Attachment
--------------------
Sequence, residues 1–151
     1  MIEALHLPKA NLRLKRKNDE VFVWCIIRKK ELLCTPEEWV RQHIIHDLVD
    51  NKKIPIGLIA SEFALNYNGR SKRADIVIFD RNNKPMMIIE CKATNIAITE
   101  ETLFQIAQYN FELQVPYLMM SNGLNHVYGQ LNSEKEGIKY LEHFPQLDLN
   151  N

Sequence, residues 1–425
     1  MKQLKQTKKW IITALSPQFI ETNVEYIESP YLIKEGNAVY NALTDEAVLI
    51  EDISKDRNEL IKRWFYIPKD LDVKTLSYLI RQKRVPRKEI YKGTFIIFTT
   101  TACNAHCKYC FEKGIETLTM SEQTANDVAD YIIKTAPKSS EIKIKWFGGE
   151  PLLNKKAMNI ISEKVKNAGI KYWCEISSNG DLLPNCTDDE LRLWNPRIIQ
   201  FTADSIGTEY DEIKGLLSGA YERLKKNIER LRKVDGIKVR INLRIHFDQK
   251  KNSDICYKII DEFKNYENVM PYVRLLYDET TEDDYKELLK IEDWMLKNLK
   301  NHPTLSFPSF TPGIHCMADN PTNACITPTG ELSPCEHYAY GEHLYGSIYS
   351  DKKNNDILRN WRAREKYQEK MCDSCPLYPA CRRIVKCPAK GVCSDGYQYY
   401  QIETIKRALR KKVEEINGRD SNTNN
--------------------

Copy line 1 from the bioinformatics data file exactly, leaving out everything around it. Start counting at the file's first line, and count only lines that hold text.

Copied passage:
Sequence, residues 1–151